Tango iconoclast Astor Piazzolla is dancing his way from Argentina to New Orleans, posthumously. The father of Nuevo Tango, a spicy subgenre of the famously sensual dance music, may have passed away 26 years ago, but his music lives on in a new theatrical concert: “That’s Not Tango- Astor Piazzolla, A Life In Music.” The production is coming to town for two days of performances as apart of Loyola University’s “Loyola Presents” music series October 26-27.
The concert was conceived by Lesley Karsten and written by Karsten and Stephen Wadsworth. The New York Times posted a feature of the production after its release in 2016, praising its “sophisticated concert music bursting with erotic energy.” “That’s Not Tango” plays around with social norms and narratives surrounding the genre, taking a gender-bending twist in choosing a woman to play Piazzolla. “Lesley’s work as Piazzolla moves quickly beyond gender into the androgyny of the soul”, says Wadsworth.” “A woman in a persona so conventionally masculine, and whose music has a bald assertiveness and violence many associate with maleness, is very tango. Piazzolla was fascinated by the quick-change animus-anima exchanges between men and women dancing tango.”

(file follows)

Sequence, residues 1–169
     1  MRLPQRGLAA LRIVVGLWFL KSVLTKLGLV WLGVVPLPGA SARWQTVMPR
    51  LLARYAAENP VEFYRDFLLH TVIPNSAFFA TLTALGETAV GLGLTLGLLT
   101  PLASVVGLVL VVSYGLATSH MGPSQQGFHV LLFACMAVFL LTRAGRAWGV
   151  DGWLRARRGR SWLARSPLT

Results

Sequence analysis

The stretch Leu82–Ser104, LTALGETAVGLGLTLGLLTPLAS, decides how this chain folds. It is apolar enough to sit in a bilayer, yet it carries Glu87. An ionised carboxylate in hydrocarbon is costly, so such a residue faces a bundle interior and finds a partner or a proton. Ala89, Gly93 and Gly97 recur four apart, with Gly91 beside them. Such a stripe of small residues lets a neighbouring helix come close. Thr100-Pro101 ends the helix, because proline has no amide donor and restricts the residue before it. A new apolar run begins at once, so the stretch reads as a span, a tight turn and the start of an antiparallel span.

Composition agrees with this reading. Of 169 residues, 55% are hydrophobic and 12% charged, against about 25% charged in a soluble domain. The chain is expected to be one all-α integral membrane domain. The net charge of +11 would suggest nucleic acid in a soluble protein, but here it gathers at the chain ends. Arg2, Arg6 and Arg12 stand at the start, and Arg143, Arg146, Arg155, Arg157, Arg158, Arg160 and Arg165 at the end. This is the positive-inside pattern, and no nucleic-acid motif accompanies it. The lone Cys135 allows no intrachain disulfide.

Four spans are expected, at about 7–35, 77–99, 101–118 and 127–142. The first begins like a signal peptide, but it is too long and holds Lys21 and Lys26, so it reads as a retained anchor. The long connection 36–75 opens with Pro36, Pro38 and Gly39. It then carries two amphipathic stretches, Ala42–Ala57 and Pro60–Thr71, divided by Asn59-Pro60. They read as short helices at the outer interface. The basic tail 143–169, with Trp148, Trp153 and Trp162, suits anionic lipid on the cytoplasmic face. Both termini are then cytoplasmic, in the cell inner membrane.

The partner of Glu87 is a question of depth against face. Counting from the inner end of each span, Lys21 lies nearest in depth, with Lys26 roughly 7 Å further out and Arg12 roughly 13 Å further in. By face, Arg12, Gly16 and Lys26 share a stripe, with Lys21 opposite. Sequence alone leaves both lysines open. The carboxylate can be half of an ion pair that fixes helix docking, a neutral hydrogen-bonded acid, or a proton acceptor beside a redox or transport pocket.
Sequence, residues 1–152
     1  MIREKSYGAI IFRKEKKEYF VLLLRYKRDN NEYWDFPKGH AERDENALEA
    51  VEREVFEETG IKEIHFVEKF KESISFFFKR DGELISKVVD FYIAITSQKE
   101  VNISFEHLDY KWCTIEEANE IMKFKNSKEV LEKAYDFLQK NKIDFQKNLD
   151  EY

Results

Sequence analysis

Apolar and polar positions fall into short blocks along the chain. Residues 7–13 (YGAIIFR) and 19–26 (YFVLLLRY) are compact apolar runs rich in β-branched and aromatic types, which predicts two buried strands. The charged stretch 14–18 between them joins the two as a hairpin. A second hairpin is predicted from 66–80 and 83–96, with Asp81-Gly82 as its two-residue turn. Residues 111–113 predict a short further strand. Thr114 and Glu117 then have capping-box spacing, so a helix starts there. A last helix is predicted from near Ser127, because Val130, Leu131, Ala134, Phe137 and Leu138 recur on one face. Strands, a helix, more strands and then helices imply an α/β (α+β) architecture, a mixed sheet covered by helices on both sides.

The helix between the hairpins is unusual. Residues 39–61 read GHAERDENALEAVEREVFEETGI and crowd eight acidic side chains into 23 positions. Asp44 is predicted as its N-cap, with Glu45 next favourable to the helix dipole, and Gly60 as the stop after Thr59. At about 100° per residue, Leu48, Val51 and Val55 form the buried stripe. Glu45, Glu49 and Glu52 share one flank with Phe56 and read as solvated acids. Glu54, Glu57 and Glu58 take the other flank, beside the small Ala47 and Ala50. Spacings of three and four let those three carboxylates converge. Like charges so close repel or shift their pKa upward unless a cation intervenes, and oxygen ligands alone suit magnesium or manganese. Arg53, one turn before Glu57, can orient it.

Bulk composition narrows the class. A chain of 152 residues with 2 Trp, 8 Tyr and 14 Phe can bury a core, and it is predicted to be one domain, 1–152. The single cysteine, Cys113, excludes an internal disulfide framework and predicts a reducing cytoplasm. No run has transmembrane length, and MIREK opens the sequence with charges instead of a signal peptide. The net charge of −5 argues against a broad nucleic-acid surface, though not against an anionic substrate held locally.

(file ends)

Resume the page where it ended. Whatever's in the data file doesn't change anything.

Piazzolla was born in Argentina in 1921, back when the tango was still confined to the dancehall. He grew up between Argentina and New York surrounded by a range of musical influences, from Bach to Rachmaninov to bandoneon-centered tango music. As a teenager, he moved to Buenos Aires to play in tango orchestras and later formed his own, the Orchestra Tipica. He developed what came to be known the Nuevo Tango style, a hybrid-genre of traditional tango with classical and jazz music. In the 70s and 80s, he led bands and symphonies who embarked on worldwide tours. Piazzolla globalized tango, bringing it out of the Buenos Aires dancehalls and into the world’s concert halls. He remains today the most well-known and influential among Argentina’s tango revolutionaries.
Performances of “That’s Not Tango” will commence at Loyola’s Nunemaker Hall on October 26 and 27 at 7:30 p.m. Tickets are $25 with VIPs going for $45. Admission is $10 for students and free for Loyola students. Tickets can be purchased at the Box Office, open Tuesday through Friday 1-5 p.m. in the Communications/Music Complex at the corner of Calhoun and St. Charles.